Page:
If you have ever managed a VMware environment that contains virtual machines with RDM (Raw Device Mapping) disks then you will know it is a pain to track and manage RDMs, especially when trying to distinguish which VM has a specific RDM disk attached or if the RDM is still attached to a VM. You will also know that it is nearly impossible to find an RDM (and the corresponding VM) based on RDM’s LUN ID.
To ease the management burden of RDMs, I have written a script to search for a specific RDM by LUN ID or alternatively to get a list of all RDMs, their LUN ID, Capacity, Disk Identifier and the VM they are attached to. Below is the script and all of the details you need to get it up and running in your environment…
To coincide with my new PowerShell Logging Module, I have also updated my PowerCLI Script Template to now use the PSLogging module as opposed to my original PowerShell_Logging function library.
This template is based on my PowerShell Script Template Version 2, but has been modified for use with PowerCLI so that you can easily create scripts and solutions to automate your VMware world!
Below is everything you need to know on the PowerCLI template, as well as the template itself…
To coincide with my new PowerShell Logging Module, I have updated my PowerShell Script Template to now use the PSLogging module as opposed to my original PowerShell_Logging function library.
The article below introduces you to the new PowerShell Script Template version 2 and shows you how to implement it in your scripts and how to create PowerShell log files.
Sometime back in 2011 when I first started using PowerShell, I developed some standard functions to handle the creating and management of log files for my PowerShell scripts. These functions were stored in a file called Logging_Functions.ps1 and I would simply dot source them into my script to be able to use them.
I posted them on 9to5IT PowerShell: How to easily create log files for your scripts and since then, to my surprise, they have been well received by many people, and hence the post has become quite a popular one. Recently one of the users emailed me and made a suggestion to convert them into a PowerShell Module.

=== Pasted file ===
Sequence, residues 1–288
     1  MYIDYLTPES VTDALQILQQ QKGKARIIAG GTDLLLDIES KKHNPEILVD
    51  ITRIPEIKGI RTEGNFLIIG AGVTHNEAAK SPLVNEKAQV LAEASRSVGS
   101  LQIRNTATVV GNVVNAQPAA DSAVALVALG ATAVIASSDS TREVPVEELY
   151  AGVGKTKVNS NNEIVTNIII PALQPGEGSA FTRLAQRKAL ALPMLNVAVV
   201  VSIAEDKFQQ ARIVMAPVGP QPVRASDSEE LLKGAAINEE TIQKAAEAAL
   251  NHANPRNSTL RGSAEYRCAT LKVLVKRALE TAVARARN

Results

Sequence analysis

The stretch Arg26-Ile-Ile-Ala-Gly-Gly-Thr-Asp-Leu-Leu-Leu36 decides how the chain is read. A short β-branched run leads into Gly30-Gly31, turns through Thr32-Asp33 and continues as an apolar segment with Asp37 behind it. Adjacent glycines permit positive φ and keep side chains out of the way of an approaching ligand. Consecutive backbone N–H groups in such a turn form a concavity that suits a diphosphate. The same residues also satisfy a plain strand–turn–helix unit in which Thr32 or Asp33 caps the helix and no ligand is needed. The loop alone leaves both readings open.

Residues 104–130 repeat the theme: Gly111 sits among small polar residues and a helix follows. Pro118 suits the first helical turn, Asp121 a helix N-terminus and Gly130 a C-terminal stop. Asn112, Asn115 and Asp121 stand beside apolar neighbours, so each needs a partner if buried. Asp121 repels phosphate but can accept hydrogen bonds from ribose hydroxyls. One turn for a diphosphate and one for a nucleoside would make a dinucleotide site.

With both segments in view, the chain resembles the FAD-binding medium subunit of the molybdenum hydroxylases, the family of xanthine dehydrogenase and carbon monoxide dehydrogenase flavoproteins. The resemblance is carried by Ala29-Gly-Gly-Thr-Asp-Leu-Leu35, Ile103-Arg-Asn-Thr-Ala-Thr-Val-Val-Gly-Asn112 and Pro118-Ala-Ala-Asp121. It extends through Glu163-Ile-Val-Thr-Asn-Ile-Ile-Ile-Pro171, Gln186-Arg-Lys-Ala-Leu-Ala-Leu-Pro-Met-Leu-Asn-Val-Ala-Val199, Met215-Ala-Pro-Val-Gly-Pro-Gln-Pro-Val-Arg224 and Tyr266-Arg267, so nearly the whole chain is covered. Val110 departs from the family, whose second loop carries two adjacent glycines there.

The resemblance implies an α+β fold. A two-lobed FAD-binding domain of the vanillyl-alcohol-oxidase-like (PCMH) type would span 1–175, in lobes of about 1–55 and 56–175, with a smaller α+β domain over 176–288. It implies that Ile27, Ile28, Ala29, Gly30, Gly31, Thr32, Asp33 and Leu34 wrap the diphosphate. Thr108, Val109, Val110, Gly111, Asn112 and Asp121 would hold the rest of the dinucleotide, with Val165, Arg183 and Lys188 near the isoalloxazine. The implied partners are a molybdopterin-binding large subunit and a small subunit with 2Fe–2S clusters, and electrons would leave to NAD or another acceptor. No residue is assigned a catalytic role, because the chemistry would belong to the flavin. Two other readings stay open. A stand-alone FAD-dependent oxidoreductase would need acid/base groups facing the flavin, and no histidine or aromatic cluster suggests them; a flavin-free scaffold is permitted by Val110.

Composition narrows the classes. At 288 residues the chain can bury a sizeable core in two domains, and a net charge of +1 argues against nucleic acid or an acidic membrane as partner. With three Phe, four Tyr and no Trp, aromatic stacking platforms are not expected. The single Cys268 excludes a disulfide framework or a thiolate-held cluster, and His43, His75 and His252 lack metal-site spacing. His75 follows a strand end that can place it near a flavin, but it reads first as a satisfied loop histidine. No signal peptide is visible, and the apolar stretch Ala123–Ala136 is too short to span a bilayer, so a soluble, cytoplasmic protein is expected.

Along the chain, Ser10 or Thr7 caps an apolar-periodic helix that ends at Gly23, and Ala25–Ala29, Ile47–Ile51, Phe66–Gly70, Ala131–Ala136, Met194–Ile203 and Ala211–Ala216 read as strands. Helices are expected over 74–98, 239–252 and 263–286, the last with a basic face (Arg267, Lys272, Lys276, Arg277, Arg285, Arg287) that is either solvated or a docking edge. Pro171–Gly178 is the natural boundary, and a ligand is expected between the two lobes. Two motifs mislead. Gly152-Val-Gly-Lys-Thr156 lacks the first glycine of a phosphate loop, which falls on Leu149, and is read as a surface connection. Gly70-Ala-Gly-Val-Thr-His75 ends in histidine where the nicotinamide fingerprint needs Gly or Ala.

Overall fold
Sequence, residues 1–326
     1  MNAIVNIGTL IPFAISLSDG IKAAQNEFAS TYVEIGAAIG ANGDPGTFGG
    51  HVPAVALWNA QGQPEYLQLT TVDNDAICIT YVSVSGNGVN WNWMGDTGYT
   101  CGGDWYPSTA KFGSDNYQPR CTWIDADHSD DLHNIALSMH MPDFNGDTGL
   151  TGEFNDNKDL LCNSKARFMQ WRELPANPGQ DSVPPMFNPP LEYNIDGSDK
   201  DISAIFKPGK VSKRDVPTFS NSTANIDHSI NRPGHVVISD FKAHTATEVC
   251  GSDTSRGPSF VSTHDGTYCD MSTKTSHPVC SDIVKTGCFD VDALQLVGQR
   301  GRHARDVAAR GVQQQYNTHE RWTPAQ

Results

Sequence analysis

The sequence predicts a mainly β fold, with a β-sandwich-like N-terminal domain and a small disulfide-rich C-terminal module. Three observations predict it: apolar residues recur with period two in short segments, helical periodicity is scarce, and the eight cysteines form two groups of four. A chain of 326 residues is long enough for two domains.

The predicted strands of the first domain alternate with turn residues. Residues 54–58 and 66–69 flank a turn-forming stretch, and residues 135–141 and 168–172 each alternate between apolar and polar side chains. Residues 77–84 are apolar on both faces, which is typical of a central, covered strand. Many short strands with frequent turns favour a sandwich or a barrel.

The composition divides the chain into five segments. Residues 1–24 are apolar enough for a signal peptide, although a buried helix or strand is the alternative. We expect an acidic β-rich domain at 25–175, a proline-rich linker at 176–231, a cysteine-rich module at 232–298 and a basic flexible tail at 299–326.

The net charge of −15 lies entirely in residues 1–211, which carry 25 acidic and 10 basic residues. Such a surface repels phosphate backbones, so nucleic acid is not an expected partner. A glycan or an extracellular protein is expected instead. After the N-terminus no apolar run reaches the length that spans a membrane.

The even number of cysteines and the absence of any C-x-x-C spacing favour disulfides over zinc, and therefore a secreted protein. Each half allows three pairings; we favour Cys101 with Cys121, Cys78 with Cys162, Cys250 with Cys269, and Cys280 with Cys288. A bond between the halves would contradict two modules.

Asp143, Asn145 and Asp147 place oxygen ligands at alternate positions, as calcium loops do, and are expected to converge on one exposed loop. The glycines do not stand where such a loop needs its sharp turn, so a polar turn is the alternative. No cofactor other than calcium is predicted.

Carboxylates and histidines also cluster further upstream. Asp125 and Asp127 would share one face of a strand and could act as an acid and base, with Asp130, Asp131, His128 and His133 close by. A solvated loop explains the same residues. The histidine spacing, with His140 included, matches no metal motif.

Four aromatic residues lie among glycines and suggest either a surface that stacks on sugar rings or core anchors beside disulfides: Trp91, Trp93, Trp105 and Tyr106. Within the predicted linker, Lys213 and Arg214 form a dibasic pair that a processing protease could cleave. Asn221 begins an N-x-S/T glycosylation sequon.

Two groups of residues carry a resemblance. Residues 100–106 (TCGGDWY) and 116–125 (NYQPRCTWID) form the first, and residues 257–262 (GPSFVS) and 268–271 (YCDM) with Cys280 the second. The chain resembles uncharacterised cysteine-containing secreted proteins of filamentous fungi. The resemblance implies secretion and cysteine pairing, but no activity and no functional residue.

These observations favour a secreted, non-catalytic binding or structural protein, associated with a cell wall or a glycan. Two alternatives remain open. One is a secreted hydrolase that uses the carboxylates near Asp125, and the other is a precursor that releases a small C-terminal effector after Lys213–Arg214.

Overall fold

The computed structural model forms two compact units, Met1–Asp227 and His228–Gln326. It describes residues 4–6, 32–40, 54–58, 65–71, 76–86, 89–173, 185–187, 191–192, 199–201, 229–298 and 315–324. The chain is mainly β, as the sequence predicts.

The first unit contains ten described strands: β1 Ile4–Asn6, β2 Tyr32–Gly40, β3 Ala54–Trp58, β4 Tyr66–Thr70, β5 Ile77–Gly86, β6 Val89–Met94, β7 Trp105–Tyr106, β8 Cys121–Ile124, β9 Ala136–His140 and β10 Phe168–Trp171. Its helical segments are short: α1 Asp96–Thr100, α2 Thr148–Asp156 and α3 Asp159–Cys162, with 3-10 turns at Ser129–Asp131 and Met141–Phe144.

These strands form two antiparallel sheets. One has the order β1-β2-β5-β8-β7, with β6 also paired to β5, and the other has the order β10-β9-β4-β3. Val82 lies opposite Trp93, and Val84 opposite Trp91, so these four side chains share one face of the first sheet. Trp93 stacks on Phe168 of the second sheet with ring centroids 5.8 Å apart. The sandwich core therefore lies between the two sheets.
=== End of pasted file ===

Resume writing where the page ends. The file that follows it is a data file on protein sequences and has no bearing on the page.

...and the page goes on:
That got me thinking…. so I have made a number of improvements to the PowerShell logging functions and have now made them available as a PowerShell Logging module. Available right here, below….
At some point during your PowerShelling career you will need to test if “something” is found (or not found) within a certain object. I find that I am usually faced with this situation when I am testing if a string “contains” a value or not.
At this point, I am always confused as to which comparison operator to use. From a logical language perspective I always feel like
-contains is the way to go, but then I remember that might not be the correct choice.
To put this issue to bed once and for all (at least for myself), here is a summary of when to use
-like and when to use
Recently I needed to find if any virtual machines had been deployed or cloned on a particular day (in order to troubleshoot a storage issue).
The Tasks & Events view in the VI client only shows the last few days of events, so if you need to get events from an older date the only way is through PowerCLI.
Here is how to do get a list of events from vCenter Server using PowerCLI…
A while back I wrote an article about all of the different Active Directory FSMO roles available, why they are important and on which Domain Controller they should be place in a Windows forest and/or Windows domain.
However, even if you have placed all FSMO roles on the correct DCs, sometimes it is necessary to move them to another server for one reason or another. This article documents how to move Active Directory FSMO roles from one Domain Controller to another.